13. Mercedes Benz Stadium
Another fantastic place to head if you want to enjoy a concert, show or sports event is the massive, multi-purpose Mercedes Benz Stadium. Home of the Atlanta Falcons of the NFL and Atlanta United FC of MLS, the sparkling new stadium is located just a short walk or drive west of downtown.
Only built in 2017, the enormous, state-of-the-art arena serves as a more than adequate replacement for the demolished Georgia Dome. When its retractable ‘pinwheel’ roof is closed, the stadium has an electrifying atmosphere as the two teams’ fanatic fan bases roar them onto victory. Besides watching a thrilling football game or soccer match, visitors can also catch any of the concerts, conferences or other sporting competitions that are regularly held at the stadium.
12. Atlanta History Center
If you’re interested in learning all about the city and state’s rich history, culture and heritage then the exceptional Atlanta History Center really is a must-visit. At its humongous campus at Buckhead you can find an extensive array of historic houses, farms and gardens and a brilliant museum; all packed with age-old artifacts and engrossing exhibits.
While exploring sites, such as the antebellum Smith Farm and elegant Swan House, you’ll delve into everything from settlers and the Civil War to plantation life and local Native American culture. Just as enthralling as all its exhibits and edifices are the center’s ornamental gardens which are home to a huge collection of colorful plants, flowers, trees and shrubs.
11. Center for Civil and Human Rights
As Atlanta is renowned for being the ‘cradle of the civil rights movement’ no trip to town can ever be complete without checking out the Center for Civil and Human Rights. Situated just to the north of Centennial Olympic Park, it offers an in-depth look at the history and achievements of the movement while also shining a light on other ongoing human rights struggles around the world.
Founded in 2014, the well-designed museum is full of fascinating photos, exhibits and film clips with personal stories and speeches also highlighting the considerable struggles and successes of the civil rights movement. In addition to seeing some of Martin Luther King’s personal possessions and learning about Jim Crow laws, you also hear about other inspiring fights for rights around the globe.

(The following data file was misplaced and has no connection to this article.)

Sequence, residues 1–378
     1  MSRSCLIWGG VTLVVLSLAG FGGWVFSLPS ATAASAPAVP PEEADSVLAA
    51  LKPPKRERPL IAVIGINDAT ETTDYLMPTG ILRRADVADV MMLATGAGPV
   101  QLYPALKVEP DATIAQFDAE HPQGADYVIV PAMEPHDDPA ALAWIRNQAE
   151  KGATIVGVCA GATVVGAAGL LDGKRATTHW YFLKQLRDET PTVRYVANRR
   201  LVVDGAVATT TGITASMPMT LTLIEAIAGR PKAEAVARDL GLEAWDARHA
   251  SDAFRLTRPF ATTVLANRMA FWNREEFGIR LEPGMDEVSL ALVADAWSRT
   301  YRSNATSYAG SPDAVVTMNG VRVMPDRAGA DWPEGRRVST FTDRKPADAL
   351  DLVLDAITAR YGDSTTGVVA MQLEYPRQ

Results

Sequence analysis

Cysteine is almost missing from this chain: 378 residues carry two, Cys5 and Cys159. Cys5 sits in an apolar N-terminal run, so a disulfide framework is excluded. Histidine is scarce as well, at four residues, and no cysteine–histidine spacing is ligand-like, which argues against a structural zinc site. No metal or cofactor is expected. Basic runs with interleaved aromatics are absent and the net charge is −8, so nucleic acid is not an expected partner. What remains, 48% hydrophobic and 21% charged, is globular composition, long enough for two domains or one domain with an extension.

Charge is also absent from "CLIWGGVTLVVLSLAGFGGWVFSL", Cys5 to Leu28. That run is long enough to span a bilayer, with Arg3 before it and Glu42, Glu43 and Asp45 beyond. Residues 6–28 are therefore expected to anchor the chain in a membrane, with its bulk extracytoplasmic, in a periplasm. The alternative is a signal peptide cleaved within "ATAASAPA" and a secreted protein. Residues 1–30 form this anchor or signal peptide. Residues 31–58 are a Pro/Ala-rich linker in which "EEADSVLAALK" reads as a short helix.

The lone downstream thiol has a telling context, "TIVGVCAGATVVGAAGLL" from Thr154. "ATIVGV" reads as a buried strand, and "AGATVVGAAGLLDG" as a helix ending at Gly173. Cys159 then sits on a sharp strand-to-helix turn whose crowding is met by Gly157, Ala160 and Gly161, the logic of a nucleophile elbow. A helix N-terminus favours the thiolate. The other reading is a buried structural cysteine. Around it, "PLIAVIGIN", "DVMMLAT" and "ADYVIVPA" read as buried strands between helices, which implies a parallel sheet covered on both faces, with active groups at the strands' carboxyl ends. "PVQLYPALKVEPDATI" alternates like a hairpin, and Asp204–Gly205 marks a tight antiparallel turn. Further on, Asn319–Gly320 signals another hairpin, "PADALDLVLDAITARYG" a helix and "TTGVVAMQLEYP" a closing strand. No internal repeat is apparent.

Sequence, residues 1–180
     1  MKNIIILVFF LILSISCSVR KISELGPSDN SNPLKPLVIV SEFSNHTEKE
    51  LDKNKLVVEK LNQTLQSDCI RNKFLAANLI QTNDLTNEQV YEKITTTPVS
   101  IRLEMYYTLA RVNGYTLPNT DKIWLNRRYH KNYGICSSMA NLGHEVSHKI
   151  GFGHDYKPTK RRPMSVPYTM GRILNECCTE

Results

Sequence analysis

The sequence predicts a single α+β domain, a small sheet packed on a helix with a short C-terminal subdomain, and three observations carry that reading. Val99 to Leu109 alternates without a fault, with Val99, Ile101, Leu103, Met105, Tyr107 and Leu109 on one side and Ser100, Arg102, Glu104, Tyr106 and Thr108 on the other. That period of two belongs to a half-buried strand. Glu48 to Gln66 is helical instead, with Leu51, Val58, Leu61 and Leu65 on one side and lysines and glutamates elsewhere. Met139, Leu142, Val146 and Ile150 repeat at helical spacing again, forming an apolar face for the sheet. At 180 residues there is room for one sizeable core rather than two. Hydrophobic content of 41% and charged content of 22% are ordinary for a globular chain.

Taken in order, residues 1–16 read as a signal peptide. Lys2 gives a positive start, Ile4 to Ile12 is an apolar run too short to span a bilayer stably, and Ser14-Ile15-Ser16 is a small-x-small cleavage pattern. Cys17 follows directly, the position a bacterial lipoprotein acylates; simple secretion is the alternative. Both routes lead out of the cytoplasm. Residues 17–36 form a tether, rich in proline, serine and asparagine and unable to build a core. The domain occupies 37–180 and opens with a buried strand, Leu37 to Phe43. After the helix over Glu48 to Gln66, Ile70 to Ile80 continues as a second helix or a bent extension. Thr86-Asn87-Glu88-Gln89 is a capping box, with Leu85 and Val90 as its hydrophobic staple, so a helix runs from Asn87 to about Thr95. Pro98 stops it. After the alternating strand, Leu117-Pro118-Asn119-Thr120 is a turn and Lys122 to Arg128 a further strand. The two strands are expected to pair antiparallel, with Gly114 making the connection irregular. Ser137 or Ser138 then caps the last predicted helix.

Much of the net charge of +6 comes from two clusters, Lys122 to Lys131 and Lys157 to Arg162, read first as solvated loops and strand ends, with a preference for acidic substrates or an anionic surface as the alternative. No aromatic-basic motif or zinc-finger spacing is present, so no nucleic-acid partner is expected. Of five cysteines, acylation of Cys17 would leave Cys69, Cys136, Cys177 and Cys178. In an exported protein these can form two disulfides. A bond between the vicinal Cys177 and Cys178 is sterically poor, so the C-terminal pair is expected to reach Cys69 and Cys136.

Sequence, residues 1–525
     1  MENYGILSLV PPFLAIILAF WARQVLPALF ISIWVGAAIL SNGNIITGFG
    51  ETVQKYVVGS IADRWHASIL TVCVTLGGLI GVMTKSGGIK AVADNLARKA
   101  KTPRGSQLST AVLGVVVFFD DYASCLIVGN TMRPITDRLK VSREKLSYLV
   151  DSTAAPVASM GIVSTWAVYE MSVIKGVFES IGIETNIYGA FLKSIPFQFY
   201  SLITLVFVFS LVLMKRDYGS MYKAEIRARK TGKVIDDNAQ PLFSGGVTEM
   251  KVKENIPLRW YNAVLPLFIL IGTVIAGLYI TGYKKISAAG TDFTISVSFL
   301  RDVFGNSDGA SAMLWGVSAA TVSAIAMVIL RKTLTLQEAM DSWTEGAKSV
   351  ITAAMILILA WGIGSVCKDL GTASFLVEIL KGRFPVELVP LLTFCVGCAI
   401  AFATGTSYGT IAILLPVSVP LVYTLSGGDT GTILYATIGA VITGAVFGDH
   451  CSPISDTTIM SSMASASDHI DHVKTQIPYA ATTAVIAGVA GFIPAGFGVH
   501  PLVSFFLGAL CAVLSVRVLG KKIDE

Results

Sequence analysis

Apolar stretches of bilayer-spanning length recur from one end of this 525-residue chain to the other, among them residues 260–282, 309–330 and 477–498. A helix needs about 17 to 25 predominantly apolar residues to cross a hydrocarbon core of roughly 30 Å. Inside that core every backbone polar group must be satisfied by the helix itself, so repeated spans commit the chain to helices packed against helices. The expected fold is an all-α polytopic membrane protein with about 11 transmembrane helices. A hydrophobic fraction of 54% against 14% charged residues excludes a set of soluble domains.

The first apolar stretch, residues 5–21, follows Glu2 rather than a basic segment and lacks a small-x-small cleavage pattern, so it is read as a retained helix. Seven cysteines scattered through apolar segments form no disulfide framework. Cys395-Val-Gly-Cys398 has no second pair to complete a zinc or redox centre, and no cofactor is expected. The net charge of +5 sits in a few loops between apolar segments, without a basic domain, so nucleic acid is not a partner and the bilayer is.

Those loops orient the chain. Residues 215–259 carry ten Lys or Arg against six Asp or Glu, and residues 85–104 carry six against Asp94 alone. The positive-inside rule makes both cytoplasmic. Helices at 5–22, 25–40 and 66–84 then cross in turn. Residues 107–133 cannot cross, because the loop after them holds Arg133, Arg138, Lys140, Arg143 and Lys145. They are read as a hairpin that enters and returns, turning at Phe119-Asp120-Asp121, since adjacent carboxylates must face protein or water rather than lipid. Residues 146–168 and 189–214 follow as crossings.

10. High Museum of Art
Located in the city’s arts district in Midtown, the High Museum of Art is one of the leading art museums in the South and one of the most visited tourist attractions in Atlanta. The Museum was founded in 1905 as the Atlanta Art Association. In 1926, the High family, for whom the museum is named, donated their family home on Peachtree Street to house the collection.
In 1983, a new building designed by Richard Meier opened to house the High Museum of Art. Visitors can see a variety of works from 19th and 20th century American, European, African and African-American artists, as well as decorative arts, photography, and modern and contemporary art.
9. Piedmont Park
This park in the Northeastern Atlanta near Midtown began life as an out-of-the-city gentleman’s farm owned by a doctor named Benjamin Walker. It went through a series of owners, ultimately ending up the property of the Piedmont Exposition Company. The park has had several architects of importance working on different parts, most notably Olmstead of Central Park fame, who created many pathways still in use today.
It also includes a large basketball complex, and was home of Atlanta’s first team in the early twentieth century. A large fishing lake, playscape, and large lawn that is host to many concerts are just a few of the other offerings here.
8. Martin Luther King Jr. Historic Site
This historic site includes several buildings, including the boyhood home of this civil rights leader, as well as the church where his father, and later King himself first came to preach. The firehouse that was once a main community center in the sixties, a civil rights walk of fame, and the “I Have a Dream” international world peace rose garden are also a part of this historic park.
Opposite the visitor center, a large mural depicts scenes in Dr. Martin Luther King’s life. The site hosts several large events, particularly during Martin Luther King day and Black History Month.
7. Centennial Olympic Park
Created for the 1996 Summer Olympics that was hosted in this city, Olympic Park continues to be a tourist draw every year. Located downtown between the Aquarium and the CNN center, the park has several fun features. An interactive fountain of Olympic rings is synchronized with lights, water jets and music.